Wednesday, January 25, 2012

Process Wednesday: retreat curve agitators

Retreat curve agitator (Credit: Southern Glass)
I don't know what you think of when you imagine the agitator in a large-scale reactor, but I think I always imagined something that looked like a boat propeller. So it's come as a surprise to me to become familiar with the graceful lines of the retreat curve impeller that comes with a glass-lined reactor.

For a little tutorial on the retreat curve impeller, I refer us to "Understand Flow Patterns in Glass-Lined Reactors", an article by Dickey et al. in the November 2004 issue of Chemical Engineering Professional:
Glass-lined reactors are essential process equipment in the pharmaceutical and speciality chemicals industries. A typical glass-lined reactor included a retreat curve impeller (RCI) near the bottom of the vessel and usually a single baffle mounted through a nozzle in the vessel head. The RCI with rounded blade corners may limit harmful turbulence effects while maintaining circulation throughout the vessel. Glass lining (the term "lining" is used to refer to the glass coating on the agitator and the inside of the tank) provides corrosion resistance, is easy to clean, and eliminates product contamination.  
The retreat curve of the RCI blades provids better radial flow than radial flow impellers with similar power characteristics. The impeller is placed near the bottom of the vessel to maximize the allowable range of liquid levels and to produce circulation from the bottom to the top of the vessel. The baffle (occasionally two baffles) is mounted from a nozzle in the top head because mounting to the side of a glass-lined vessel is difficult. The impeller and baffle always have a rounded cross-section without sharp corners because high stresses in the glass can cause the brittle coating to fail.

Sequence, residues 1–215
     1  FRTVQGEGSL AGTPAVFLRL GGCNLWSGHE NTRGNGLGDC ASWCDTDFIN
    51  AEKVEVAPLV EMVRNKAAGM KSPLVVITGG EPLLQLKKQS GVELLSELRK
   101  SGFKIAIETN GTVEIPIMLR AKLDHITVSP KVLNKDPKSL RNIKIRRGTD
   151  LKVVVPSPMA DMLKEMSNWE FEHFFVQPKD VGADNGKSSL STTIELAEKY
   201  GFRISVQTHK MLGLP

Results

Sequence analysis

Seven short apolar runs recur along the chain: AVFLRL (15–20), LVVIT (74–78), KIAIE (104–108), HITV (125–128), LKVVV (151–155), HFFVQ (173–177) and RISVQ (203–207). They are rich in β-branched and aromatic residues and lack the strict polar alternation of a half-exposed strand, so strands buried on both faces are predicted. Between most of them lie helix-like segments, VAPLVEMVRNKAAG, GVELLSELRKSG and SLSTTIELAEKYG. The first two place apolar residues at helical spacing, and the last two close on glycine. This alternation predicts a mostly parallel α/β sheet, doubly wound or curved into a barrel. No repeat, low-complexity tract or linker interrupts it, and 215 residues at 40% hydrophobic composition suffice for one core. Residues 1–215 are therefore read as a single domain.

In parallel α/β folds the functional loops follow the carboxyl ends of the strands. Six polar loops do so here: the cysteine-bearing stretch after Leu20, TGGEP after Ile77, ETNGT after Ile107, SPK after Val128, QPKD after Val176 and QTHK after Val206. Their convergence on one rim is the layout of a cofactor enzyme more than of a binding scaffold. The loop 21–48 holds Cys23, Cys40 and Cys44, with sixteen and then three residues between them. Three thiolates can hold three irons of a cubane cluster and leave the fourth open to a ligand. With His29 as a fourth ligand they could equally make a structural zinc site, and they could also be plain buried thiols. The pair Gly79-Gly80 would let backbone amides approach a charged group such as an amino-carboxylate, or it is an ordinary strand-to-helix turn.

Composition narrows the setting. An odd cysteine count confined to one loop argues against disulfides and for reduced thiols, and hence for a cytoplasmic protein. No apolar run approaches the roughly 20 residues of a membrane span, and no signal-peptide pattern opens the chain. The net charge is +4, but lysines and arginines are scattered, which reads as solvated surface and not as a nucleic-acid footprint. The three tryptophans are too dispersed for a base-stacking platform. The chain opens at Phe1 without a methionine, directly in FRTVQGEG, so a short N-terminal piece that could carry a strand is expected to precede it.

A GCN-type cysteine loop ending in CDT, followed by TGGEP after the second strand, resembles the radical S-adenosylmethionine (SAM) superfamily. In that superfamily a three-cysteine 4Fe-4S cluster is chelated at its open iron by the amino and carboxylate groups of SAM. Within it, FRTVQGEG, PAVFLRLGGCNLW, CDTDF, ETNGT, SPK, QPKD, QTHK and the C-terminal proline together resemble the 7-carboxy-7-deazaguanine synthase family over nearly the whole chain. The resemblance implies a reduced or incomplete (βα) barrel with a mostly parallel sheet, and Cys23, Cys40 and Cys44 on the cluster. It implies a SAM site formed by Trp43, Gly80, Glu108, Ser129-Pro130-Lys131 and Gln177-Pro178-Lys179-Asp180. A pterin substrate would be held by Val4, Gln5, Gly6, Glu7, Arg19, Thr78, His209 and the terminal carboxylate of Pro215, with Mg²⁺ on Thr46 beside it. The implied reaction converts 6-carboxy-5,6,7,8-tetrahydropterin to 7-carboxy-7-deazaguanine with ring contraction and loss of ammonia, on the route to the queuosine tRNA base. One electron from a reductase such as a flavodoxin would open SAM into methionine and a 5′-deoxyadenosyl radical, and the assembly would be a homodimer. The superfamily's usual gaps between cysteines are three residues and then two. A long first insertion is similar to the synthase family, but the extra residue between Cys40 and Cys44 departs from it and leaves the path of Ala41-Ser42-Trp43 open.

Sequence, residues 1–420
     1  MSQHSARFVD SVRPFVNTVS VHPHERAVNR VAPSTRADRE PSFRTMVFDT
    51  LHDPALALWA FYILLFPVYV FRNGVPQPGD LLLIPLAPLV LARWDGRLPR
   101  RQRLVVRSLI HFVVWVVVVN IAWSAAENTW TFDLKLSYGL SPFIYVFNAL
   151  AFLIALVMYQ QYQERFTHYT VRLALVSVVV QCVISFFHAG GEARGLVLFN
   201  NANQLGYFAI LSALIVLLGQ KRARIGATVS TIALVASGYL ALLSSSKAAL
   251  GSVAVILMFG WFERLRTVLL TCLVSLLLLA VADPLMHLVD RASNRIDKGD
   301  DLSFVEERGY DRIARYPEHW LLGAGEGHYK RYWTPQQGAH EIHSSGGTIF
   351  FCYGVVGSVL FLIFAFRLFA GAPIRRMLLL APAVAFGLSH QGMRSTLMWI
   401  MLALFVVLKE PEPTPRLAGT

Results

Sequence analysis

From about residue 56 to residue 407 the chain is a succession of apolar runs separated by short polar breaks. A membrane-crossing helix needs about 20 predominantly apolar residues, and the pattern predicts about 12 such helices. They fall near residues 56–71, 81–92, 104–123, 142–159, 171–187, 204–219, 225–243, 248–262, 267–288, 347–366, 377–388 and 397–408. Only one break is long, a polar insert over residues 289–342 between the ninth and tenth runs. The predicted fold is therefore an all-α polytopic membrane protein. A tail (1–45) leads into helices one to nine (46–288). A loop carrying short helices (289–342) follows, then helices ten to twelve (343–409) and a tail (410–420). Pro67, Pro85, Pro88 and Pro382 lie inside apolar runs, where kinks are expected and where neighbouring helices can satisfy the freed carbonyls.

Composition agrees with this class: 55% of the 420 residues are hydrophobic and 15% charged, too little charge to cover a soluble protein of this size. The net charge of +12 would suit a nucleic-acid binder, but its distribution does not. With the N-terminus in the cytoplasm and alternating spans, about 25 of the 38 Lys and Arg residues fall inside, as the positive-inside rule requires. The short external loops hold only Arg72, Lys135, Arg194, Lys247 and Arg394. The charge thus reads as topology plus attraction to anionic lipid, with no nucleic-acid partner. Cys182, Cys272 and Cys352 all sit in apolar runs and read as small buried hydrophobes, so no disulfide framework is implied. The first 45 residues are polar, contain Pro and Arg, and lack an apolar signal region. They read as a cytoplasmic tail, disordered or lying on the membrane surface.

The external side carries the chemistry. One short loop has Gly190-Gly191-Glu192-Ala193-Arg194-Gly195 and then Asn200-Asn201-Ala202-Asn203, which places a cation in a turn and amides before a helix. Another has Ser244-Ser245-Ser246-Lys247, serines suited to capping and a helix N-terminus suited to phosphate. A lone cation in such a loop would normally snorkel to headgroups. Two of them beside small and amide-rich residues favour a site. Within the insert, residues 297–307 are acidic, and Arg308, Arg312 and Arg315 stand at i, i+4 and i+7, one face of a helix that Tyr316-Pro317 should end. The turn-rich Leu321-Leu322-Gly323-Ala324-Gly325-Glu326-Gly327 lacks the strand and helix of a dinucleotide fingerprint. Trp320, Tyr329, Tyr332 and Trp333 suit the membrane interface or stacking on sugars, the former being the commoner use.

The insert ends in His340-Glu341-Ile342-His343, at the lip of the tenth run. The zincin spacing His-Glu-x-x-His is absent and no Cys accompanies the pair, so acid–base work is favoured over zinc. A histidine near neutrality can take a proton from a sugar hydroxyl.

There's a lot in those paragraphs that I don't really understand (radial flow? turbulence effects are harmful?), but it's interesting to me nonetheless.

3 comments:

  1. I usually think of turbulence as being helpful to mixing, but I'm guessing that laminar flow is desired for vertical mixing...to set up a recirculation pattern that extends over the entire height of the vessel.

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  2. Ditto on the turbulence, unless long-chain molecules (polymer, proteins and other macromolecules) are involved. In those cases, the divergent flow patterns can lead to degradation. One part of the molecule is being dragged to the left, while the other is being dragged to the right. Not a good outcome. In laminar flow, everything is being dragged to the left, but some parts are going there just a little faster than others, much like cars in the left-hand lane get to their destination faster than the cars in the right-hand lane (unless you're in Minnesota where people don't know how to drive and think that because they are doing the speed limit, they have a God-given right to the left-hand lane).

    Radial flow is flow directly from the central stirring rod out to the wall (axial would be parallel to the axis; circumferential would in a circular direction).

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  3. Just don't crack the enamel, you won't be very popular at all!

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